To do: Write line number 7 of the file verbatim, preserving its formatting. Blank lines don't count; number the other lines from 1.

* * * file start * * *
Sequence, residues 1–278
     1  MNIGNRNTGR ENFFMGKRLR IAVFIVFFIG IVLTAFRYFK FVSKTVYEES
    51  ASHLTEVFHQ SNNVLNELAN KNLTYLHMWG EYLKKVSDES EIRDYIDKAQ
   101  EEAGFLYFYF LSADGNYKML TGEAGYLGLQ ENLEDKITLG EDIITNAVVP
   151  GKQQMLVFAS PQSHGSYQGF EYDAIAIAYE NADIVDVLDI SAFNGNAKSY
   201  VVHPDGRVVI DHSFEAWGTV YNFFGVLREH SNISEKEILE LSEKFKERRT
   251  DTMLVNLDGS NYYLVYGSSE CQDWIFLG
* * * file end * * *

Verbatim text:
   251  DTMLVNLDGS NYYLVYGSSE CQDWIFLG